My conclusion is this: if the polls are “wrong”, this is not likely to be in ACT’s favour. If polls put ACT on 1-2%, it’s most likely because ACT is at 1-2%. Or worse.

You may also like...

2 Responses

  1. stuartwil says:

    Hi Geoffrey

    I know you prefaced you comments by saying that you are not a statistician, but I think you should leave the commentary on polling to people who are a little more informed.

    Your statement:
    “ACT supporters are perhaps actually overrepresented in opinion polls, due to the fact that they are likely to be older and thus more likely to be at home when rung by polling companies”
    shows your complete ignorance of polling techniques. Polling firms use quotas to ensure that they obtain a representative sample – once we have enough old people in the sample we stop ringing them, while young people are more difficult to contact due to the prevalence of cell phone only households, we continue to ring until we reach quota, or weight responses.

    There is an argument that the green vote is actually over stated, due to the low turn out of younger voters which is not factored into the some of the demographic models that some NZ pollsters use.

    As you are student of political science, I would suggest that you take a few undergrad papers in opinion polling before you express an opinion on something you know little about.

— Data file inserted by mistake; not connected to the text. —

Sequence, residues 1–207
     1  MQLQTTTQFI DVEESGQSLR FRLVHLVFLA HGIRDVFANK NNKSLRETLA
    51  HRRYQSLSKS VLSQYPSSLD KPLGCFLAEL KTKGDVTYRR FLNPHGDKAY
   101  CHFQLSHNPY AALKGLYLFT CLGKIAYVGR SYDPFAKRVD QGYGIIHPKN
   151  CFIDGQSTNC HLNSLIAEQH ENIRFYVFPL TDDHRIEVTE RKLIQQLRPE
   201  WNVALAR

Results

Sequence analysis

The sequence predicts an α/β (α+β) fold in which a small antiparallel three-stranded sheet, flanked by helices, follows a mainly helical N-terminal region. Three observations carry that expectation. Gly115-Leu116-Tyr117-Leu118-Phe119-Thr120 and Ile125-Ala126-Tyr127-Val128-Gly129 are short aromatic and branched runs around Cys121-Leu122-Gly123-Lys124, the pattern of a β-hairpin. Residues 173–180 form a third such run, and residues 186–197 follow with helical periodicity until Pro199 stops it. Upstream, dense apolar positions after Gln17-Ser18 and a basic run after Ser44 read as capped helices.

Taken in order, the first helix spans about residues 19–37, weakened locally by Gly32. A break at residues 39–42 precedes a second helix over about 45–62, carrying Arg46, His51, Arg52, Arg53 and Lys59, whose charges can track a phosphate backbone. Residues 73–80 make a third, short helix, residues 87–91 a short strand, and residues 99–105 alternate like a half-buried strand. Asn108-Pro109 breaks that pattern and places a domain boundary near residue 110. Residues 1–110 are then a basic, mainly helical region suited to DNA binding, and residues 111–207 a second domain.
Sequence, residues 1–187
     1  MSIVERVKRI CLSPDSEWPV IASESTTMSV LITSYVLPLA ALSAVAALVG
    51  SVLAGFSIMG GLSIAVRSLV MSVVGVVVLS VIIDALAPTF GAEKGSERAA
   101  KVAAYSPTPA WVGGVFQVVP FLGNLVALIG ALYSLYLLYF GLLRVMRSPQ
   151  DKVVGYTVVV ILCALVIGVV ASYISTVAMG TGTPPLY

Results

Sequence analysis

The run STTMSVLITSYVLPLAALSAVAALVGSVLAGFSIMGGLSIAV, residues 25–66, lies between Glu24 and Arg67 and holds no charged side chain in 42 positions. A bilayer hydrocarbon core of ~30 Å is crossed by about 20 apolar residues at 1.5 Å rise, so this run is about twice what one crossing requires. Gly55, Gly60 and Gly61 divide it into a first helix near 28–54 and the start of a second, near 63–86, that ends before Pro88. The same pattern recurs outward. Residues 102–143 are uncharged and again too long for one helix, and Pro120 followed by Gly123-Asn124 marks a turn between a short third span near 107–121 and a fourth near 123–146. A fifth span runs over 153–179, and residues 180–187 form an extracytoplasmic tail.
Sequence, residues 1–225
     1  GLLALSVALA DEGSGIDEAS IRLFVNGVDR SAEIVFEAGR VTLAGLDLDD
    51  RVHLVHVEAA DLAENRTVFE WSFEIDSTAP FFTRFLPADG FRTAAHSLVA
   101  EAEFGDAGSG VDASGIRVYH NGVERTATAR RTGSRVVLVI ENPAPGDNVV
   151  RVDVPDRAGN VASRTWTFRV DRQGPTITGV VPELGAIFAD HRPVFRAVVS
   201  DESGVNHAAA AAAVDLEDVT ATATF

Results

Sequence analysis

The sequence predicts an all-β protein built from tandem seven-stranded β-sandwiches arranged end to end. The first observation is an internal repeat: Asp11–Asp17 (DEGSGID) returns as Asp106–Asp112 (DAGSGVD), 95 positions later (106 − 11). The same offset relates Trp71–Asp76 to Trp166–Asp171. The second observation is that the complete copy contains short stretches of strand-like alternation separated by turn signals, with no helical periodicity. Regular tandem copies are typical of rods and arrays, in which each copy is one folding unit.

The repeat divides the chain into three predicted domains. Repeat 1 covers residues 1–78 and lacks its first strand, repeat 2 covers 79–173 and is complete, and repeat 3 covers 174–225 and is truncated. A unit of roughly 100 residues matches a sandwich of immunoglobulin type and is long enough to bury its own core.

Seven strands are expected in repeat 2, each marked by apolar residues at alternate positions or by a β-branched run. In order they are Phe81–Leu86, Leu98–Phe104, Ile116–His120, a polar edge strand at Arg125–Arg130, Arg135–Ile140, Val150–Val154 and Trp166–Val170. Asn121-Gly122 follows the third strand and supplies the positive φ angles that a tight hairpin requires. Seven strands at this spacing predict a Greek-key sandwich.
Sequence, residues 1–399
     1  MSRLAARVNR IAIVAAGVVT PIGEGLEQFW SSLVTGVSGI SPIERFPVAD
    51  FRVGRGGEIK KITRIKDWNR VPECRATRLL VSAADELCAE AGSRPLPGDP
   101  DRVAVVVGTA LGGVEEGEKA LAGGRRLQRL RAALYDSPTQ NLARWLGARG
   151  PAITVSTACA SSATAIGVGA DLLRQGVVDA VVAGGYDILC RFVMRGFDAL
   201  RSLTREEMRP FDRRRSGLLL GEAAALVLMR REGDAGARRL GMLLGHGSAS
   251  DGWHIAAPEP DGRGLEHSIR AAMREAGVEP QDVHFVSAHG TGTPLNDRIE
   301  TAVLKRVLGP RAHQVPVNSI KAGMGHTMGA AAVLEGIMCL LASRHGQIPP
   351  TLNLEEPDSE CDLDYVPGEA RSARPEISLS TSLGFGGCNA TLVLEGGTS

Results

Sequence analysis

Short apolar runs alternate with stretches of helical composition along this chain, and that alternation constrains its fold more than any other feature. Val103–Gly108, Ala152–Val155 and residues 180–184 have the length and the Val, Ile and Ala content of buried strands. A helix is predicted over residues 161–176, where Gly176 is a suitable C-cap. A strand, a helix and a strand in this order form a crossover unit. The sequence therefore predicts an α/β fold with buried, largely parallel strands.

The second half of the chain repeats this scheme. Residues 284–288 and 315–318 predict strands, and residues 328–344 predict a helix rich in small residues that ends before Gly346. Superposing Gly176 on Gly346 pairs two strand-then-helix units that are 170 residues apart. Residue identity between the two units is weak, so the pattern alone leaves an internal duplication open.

Stuart Wilson
    Lysander Research

  2. Hi Stuart,

    It’s tempting to fight fire with fire. I welcome genuine feedback, but I don’t think it’s fair to make patronising comments to me, especially when your own background is hardly an independent one. I am upfront about my research interest in ACT, you should be upfront about your partisan one.

    To clarify, Lysander Research is a front for ACT. I found the following information revealing (source:

    “There is a website that never seems to work. They seem to have done “polling” for Dick Quax who stood for Parliament as an ACT Party candidate. Now they appear to be doing “polling” for Rodney Hide. The pollster was evasive when I asked if he was connected with a polical party. So if Lysander Research phones anyone, ask if they are polling for ACT. And where’s their office and why don’t they have a website that works.”

    “Companies Office records show the involvement of a Stuart Wilson in
    Lysander Research Ltd. A whois lookup for shows the registrant as Stuart Wilson, ACT NZ, Suite 5, Level 2, 309 Broadway, Newmarket.”

    “Thanks, I thought as much. I did ask the interviewer if he was
    connected with a political party and he said no. A typical ACT liar.”

    It sounds like your own polling methods are somewhat questionable. And your criticism of my commentary does not even focus on the key point: ACT has polled better in opinion polls immediately before elections since 1999 than it actually does on election day. I do not need to have taken “a few undergrad papers in opinion polling” before making this observation.

    The statement you chose to critcise was merely an attempt at a possible, plausible explanation for this phenomenon. Notice that I caged this with “perhaps”, precisely because this was merely a supposition.

    As for your explanation of polling company methods – my “completely ignoran[t]” view is this. Ringing landlines to “reach quota” doesn’t replace actually ringing mobiles – you are just getting youth who have access to landlines, which is not the same thing. Given overseas pollsters ring mobiles using random dialling techniques, I’m surprised your company doesn’t do this.

    And seeing you are a professional, please offer some supporting evidence about your “argument” about the Green vote being overstated by “some” polling companies.



Suchen Sie einen Übersetzer?Geoffrey Miller Translations